18. 18.
    Nair A, Kuban BD, Tuzcu EM, Schoenhagen P, Nissen SE, Vince DG (2002) Coronary plaque classification with intravascular ultrasound radiofrequency data analysis. Circulation 106:2200–2206CrossRefPubMedGoogle Scholar
  19. 19.
    Pencina MJ, D’Agostino RB (2004) Overall C as a measure of discrimination in survival analysis: model specific population value and confidence interval estimation. Stat Med 23:2109–2123CrossRefPubMedGoogle Scholar
  20. 20.
    Franco M, Cooper RS, Bilal U, Fuster V (2011) Challenges and opportunities for cardiovascular disease prevention. Am J Med 124:95–102CrossRefPubMedGoogle Scholar
  21. 21.
    Virmani R, Burke AP, Farb A, Kolodgie FD (2006) Pathology of the vulnerable plaque. J Am Coll Cardiol 47:C13–C18CrossRefPubMedGoogle Scholar
  22. 22.
    Virmani R, Burke AP, Kolodgie FD, Farb A (2003) Pathology of the thin-cap fibroatheroma: a type of vulnerable plaque. J Interv Cardiol 16:267–272CrossRefPubMedGoogle Scholar
  23. 23.
    Zannad F, Dallongeville J, Macfadyen RJ et al (2012) Prevention of cardiovascular disease guided by total risk estimations—challenges and opportunities for practical implementation. Eur J Prev Cardiol 19:1454–1464CrossRefPubMedPubMedCentralGoogle Scholar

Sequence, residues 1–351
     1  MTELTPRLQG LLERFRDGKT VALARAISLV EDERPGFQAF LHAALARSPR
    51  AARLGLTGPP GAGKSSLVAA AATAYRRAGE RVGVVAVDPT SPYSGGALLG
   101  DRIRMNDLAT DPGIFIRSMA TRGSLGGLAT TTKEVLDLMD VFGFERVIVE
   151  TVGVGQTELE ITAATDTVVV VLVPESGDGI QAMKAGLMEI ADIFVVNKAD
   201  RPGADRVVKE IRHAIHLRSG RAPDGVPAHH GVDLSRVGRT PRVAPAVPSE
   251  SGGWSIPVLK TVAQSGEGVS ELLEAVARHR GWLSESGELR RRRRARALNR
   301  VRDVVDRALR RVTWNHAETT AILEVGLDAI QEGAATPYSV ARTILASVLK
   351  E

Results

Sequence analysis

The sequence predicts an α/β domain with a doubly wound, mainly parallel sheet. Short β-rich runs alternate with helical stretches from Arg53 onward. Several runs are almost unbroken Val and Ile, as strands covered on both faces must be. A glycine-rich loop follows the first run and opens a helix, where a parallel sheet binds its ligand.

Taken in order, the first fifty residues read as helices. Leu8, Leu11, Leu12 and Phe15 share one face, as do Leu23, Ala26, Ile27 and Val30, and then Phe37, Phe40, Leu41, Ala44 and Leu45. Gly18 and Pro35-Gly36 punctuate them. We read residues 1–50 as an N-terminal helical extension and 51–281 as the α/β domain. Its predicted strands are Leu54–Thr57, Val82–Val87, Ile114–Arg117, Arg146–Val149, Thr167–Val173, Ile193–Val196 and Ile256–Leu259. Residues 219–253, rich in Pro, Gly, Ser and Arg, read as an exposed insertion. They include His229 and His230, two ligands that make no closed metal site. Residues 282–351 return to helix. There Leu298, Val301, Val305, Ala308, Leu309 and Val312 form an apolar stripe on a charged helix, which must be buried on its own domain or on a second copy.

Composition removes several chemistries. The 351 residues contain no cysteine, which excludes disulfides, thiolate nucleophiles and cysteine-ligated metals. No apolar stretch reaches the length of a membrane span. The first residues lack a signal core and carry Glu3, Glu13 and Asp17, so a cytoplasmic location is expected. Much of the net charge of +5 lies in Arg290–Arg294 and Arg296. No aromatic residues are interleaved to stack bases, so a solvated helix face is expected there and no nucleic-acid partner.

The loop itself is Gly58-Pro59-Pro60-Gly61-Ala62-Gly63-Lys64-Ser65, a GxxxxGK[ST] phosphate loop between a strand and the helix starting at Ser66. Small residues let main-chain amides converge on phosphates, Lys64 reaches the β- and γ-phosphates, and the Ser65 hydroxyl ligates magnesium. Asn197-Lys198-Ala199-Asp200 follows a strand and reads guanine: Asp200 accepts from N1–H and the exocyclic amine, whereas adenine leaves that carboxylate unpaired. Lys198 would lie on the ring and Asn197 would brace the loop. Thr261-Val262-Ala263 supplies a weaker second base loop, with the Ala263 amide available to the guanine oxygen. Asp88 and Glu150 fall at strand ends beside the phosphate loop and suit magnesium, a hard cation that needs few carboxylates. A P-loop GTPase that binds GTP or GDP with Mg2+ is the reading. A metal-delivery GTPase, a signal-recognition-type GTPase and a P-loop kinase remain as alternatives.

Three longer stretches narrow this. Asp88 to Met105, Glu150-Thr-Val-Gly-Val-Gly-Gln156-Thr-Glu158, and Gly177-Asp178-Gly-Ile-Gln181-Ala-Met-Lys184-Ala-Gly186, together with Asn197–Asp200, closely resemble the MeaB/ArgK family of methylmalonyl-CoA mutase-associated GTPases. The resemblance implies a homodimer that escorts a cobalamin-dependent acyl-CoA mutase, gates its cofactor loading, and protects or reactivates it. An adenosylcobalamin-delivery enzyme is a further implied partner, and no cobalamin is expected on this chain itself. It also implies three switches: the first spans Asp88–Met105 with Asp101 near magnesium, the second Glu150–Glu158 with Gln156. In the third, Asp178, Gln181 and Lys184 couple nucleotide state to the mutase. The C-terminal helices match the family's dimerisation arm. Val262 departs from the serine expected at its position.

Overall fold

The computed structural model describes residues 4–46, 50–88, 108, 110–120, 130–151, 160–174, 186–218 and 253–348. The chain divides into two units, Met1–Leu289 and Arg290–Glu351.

24. 24.
    Tanaka A, Shimada K, Sano T et al (2005) Multiple plaque rupture and C-reactive protein in acute myocardial infarction. J Am Coll Cardiol 45:1594–1599CrossRefPubMedGoogle Scholar
  25. 25.
    Tamhane UU, Aneja S, Montgomery D, Rogers EK, Eagle KA, Gurm HS (2008) Association between admission neutrophil to lymphocyte ratio and outcomes in patients with acute coronary syndrome. Am J Cardiol 102:653–657CrossRefPubMedGoogle Scholar
  26. 26.
    Han YC, Yang TH, Kim DI et al (2013) Neutrophil to lymphocyte ratio predicts long-term clinical outcomes in patients with ST-segment elevation myocardial infarction undergoing primary percutaneous coronary intervention, Korean. Circ J 43:93–99Google Scholar
  27. 27.
    Ozcan Cetin EH, Cetin MS, Aras D et al (2016) Platelet to lymphocyte ratio as a prognostic marker of in-hospital and long-term major adverse cardiovascular events in ST-segment elevation myocardial infarction. Angiology 67:336–345CrossRefPubMedGoogle Scholar
  28. 28.